According to Antimoon rule 2:
"If you want to post to this forum, you must agree that you will not post: ... Messages in bad English ... If you make a lot of mistakes, you shouldn't be writing in English, because you will only reinforce your mistakes."
Tom has a very good point. Repetition cements ideas into you head. Therefore repitition of mistakes is going to be bad for you. But don't they say "You learn from your mistakes."?
I still think that learners should try speaking English (or whatever language they're learning) without stressing too much about making a mistake here and there. Be aware that you might not be getting it quite right and ask for assistance (remember to ask else you might not get it).
Jim, one of the reasons why humans succeeded as a species is that we don't have to actually DO something to see that it is a mistake.
With the general availability of excellent dictionaries and Google Search, there's no excuse for writing in bad English.
I was able to produce virtually error-free German after learning it for three months (and not very intensively at that).
The trouble is, if you get hung up about having to speak perfectly as soon as you open your mouth, you may not open it at all. Sometimes you know the right things to say but lack of confidence makes it all come out wrong. The very act of speaking gradually erodes this fear. Methinks.
Speaking or writing are two different things. This is a forum where people write and can take the time to proofread what they are writing, although even I make minor mistakes writing, which I try to correct if I notice them.
On the other hand, I don't get annoyed like Tom might when I see poor English written as long as I can still understand it. But Tom has a good point when he says that other people come on here to learn English and if they see it written poorly by other language learners, then it might reinforce their own bad habits.
Tom could say the same thing with a different angle. People should write here posts when they think they can write with a few minor mistakes or no mistakes at all or do proofread with the help of excellent dictionaries and Google search before posting. It would enforce good habits of not making mistakes and at the same time it'd allow other learners to get the accurate and neat input of the language. Saying like never write posts at all when you are not comfortable with the language in my humble opinion is not correct saying.
By the way, I learned how to operate computer all by myself. Just played with it, made mistakes and corrected them and then finally learned them.
Have you ever seen an ant walking on the wall? How does she move on? Slipping again and again but never loses hope and finally reaches to her exact destination. The point is, never lose hope, make mistakes but don't be frustrated, point them out and rectify them. Simple as that.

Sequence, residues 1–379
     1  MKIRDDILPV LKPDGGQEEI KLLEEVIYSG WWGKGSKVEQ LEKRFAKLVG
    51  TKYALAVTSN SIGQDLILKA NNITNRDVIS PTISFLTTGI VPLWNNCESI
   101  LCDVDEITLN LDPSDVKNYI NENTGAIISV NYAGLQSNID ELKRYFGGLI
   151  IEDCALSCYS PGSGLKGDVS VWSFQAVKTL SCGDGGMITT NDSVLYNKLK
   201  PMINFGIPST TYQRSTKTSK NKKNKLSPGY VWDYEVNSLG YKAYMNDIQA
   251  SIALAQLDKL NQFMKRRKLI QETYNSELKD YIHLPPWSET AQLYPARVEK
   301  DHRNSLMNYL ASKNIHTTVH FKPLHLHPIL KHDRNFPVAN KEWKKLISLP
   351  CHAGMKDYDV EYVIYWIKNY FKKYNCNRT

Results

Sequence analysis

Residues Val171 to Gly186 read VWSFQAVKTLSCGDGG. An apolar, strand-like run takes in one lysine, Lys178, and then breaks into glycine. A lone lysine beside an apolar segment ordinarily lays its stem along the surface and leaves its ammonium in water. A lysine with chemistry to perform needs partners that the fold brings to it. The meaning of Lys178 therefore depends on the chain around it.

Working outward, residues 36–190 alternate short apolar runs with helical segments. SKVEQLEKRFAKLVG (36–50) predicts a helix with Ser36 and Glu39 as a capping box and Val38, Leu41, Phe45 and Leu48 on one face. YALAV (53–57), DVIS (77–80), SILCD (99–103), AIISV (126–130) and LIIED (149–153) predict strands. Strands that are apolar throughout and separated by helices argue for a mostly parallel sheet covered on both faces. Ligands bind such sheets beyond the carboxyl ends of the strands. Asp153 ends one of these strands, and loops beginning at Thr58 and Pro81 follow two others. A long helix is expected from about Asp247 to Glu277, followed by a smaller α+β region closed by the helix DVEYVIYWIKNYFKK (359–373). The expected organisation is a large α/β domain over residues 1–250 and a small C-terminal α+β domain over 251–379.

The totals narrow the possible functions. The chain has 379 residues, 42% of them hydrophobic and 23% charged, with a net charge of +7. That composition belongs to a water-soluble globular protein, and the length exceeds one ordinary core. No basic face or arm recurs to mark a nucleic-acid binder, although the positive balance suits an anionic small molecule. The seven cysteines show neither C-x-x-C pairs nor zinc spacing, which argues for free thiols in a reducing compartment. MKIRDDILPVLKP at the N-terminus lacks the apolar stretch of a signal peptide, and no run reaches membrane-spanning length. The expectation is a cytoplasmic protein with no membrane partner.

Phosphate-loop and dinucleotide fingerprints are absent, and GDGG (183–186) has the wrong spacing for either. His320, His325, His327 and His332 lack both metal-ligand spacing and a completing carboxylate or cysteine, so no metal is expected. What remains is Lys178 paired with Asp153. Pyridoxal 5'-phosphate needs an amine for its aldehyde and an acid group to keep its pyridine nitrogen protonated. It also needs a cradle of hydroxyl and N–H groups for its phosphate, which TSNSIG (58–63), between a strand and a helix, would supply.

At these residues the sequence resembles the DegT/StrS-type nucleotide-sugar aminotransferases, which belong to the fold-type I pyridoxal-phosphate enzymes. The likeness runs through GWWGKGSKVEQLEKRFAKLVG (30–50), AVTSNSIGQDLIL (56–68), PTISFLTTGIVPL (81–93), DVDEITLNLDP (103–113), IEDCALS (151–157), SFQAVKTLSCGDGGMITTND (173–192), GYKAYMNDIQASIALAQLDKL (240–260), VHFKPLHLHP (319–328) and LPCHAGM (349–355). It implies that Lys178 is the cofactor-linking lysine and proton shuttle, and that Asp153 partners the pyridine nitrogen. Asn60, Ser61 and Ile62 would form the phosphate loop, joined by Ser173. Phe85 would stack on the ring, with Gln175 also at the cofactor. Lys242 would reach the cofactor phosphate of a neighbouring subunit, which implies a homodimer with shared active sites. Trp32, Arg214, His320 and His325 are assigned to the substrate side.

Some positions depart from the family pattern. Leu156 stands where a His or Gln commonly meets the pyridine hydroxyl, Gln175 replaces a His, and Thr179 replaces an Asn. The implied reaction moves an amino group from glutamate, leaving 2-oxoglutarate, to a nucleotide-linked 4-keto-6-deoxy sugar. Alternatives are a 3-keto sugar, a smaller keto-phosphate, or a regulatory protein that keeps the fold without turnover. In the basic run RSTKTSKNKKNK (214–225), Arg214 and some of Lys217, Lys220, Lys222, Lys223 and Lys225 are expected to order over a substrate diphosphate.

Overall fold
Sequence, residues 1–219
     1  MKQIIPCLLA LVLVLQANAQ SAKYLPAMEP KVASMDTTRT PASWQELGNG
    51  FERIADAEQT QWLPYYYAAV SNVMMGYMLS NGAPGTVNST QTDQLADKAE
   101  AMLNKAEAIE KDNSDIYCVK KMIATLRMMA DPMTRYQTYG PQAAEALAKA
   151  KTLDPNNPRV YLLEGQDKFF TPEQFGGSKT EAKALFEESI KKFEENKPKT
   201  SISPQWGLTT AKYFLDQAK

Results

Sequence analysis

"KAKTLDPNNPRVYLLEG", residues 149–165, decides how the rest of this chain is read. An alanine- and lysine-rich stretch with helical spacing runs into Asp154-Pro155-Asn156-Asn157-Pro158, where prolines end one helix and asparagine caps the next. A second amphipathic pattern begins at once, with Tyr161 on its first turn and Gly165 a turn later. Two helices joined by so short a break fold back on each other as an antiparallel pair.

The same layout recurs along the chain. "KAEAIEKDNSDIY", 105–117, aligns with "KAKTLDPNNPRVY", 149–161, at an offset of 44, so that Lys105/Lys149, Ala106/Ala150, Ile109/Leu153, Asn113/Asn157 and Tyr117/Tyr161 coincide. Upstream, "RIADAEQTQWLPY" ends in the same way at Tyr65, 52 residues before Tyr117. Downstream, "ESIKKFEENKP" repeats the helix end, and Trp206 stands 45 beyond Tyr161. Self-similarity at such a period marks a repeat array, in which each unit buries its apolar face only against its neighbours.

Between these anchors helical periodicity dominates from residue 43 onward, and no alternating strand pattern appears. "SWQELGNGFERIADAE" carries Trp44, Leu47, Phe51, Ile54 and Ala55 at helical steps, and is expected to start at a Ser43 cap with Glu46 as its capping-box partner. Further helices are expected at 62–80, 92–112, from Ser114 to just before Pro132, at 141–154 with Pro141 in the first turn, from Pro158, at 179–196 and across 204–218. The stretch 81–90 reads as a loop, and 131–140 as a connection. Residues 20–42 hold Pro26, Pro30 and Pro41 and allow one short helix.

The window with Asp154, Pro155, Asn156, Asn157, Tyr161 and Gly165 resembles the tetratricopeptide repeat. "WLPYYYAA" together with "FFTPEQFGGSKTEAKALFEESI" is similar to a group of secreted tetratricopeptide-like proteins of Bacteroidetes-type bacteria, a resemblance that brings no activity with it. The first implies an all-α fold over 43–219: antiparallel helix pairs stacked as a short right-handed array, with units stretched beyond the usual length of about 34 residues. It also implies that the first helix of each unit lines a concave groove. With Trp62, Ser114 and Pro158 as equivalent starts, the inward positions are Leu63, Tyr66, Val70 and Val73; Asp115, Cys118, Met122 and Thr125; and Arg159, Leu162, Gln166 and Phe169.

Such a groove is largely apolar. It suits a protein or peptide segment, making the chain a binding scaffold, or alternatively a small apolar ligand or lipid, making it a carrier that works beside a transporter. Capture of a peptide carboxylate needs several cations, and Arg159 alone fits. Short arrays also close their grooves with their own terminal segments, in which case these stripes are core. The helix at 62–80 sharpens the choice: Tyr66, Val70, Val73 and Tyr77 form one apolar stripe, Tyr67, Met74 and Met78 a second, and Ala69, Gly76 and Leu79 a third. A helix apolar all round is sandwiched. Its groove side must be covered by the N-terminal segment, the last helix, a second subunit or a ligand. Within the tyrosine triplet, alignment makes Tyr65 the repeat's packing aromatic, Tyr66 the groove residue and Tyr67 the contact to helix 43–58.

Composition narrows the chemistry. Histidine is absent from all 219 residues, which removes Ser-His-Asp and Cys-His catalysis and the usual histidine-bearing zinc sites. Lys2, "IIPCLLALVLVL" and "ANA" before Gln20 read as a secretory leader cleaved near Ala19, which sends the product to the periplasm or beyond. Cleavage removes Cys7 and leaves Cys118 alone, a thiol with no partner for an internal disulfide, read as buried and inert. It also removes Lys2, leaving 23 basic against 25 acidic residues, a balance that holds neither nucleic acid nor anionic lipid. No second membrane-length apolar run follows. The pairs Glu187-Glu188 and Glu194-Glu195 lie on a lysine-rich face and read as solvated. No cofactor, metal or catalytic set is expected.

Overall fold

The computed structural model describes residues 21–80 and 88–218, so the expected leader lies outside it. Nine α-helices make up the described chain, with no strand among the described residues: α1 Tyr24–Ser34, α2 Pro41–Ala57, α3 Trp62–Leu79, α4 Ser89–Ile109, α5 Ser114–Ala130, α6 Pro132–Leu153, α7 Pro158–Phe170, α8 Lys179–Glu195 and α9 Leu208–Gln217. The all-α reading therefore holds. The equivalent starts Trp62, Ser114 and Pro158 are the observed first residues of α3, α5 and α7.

I never used a dictionary while writing and never serached anything on the net as well. This is just my opinion. Anyhow, different folks have different strokes! I'm not sure where you rate my English.
You are right that speaking helps overcome the fear of speaking. However, it's possible to speak in simple sentences, in order to avoid making mistakes. Once you've absorbed a healthy dose of input, there will be a set of sentences that you can produce with total confidence. Just don't try to overstep the bounds of that set.
As Ryan has already noticed, writing is different from speaking, so our discussion on fear of speaking has little relevance to this forum. There is no need to be afraid of composing a forum message because, unlike speaking, writing allows you to take your time. Gradually learners should learn to write faster. Once you can write English sentences fairly quickly, it's quite easy to start speaking without mistakes.
Learning to speak a language is NOT like learning to operate a computer. Operating a computer is a conscious activity -- speaking is not. When you speak, phrases appear in your head without your being aware of the grammatical manipulations needed to construct a phrase. A special module in your brain takes care of that, just like a special module allows you to walk without performing complex calculations (if you don't believe walking is hard, try to build a humanoid robot and make it walk without tipping over).
If you program your language module incorrectly (by feeding it with incorrect sentences of your own making), it will produce incorrect sentences, and it will take you some effort to reprogram it. That is why I disagree with people who advise learners to speak freely and ignore their mistakes.
In my opinion, they don't advise us to 'ignore' our mistakes. They only courage us to start speaking. Just speak. We will learn from our mistakes.
Which is better? Learning from flawed sentences or learning from correct sentences?
I think the point here is that we learn from our mistakes.